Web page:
Symeon the New Theologian: Practical and Theological Chapters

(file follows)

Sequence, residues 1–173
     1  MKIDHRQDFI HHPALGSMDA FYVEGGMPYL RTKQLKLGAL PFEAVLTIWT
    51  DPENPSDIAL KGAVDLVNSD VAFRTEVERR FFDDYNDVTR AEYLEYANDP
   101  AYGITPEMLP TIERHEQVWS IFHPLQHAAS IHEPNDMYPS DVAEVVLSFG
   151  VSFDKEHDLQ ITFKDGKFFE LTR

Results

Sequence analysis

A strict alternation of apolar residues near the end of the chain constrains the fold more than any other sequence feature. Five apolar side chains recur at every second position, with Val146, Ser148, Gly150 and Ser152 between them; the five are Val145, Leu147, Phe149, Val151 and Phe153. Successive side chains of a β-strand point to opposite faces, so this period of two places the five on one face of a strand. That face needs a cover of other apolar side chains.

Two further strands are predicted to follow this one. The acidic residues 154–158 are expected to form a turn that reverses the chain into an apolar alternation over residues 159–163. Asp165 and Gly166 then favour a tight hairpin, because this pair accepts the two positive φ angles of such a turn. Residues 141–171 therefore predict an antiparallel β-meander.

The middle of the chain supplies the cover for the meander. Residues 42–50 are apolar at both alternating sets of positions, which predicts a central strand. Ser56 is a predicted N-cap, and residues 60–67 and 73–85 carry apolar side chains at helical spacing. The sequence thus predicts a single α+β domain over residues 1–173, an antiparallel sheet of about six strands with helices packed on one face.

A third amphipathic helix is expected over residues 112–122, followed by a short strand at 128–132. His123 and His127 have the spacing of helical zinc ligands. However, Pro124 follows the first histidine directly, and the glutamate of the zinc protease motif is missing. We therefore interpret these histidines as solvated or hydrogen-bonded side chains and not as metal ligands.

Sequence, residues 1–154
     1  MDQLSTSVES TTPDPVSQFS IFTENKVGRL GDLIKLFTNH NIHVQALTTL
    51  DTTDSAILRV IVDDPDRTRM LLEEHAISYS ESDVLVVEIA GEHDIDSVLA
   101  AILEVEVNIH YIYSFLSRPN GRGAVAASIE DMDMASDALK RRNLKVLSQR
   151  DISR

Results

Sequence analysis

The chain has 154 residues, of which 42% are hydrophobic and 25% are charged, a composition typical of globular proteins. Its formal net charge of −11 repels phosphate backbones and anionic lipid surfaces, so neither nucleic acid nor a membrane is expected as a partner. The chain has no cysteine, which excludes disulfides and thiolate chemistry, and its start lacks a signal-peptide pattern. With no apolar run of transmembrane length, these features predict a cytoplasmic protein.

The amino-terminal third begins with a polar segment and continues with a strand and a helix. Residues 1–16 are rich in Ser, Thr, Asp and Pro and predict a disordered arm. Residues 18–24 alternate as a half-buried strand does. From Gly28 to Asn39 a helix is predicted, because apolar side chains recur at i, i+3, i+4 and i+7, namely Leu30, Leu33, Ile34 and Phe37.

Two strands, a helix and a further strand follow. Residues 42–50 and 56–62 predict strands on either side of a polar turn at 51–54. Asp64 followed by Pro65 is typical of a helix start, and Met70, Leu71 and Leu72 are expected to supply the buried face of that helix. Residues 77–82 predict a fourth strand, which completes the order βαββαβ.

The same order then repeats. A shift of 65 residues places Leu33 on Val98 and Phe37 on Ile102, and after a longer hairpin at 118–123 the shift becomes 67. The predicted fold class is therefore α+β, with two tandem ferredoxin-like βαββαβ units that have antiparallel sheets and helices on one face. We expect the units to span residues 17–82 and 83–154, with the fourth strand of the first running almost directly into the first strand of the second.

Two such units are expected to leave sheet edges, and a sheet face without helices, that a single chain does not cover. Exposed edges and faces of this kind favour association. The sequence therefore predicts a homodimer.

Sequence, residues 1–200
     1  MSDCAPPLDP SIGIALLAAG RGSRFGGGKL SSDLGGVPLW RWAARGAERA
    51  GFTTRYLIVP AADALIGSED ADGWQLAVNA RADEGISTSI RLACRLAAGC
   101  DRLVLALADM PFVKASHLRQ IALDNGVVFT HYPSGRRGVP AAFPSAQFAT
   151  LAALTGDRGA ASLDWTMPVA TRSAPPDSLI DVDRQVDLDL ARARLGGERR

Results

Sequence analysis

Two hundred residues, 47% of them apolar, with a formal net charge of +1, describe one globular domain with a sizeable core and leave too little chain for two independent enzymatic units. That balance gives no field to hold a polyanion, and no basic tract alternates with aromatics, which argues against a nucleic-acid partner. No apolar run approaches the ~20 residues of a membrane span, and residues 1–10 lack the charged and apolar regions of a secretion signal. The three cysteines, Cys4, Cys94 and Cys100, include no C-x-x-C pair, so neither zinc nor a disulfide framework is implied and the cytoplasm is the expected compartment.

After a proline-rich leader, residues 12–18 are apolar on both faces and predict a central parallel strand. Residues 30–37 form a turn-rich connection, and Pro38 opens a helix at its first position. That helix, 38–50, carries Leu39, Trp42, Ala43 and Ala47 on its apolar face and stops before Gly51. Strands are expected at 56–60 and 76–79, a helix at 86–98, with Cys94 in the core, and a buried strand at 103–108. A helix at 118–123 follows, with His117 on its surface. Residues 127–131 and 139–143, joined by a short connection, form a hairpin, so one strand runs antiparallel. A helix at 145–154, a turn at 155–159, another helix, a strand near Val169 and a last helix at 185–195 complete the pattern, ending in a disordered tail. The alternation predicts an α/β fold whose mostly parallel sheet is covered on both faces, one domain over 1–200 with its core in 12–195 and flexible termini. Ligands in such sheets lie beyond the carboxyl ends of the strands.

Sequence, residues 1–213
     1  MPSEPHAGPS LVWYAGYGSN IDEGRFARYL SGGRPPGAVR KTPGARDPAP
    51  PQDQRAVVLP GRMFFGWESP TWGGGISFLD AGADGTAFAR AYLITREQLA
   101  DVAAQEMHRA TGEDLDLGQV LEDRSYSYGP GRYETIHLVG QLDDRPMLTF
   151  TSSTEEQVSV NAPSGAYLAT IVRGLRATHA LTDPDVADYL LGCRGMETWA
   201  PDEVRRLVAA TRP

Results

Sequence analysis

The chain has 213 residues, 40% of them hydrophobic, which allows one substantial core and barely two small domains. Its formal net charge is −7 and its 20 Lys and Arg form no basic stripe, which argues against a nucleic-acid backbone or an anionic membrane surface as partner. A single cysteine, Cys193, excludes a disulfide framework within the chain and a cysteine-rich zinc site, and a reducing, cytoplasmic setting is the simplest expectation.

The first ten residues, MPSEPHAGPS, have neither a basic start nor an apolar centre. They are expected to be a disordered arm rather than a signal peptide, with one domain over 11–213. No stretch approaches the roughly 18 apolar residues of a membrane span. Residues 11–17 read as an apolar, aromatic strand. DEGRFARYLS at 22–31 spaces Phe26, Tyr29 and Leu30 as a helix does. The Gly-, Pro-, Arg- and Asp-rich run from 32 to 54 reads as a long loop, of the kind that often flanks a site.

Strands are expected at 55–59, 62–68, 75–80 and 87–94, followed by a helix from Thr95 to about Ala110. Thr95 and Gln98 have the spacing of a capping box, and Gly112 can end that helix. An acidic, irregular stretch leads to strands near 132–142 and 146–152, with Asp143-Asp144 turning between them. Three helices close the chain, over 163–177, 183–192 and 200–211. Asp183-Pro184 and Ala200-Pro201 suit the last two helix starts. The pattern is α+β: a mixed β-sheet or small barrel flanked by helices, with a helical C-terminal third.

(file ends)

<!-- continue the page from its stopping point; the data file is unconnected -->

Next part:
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Symeon the New Theologian transformed the Evagrian tradition of hesychia, with its insistence on absolute solitude remote from the affairs of men, and practiced it in a monastery in the very heart of Constantinople. A champion of Orthodoxy, and of monks, he composed works which became perhaps the most important source of the hesychast movement on Mount Athos two centuries after his death.  Always the spiritual master rather than the systematic theologian, Symeon wrote as he had taught—from his own immediate experience. As his disciple-biographer wrote: "Having arrived at this degree of union with the Spirit...he has become for the people of Israel, the monks the river of God, filled with the water of the Spirit".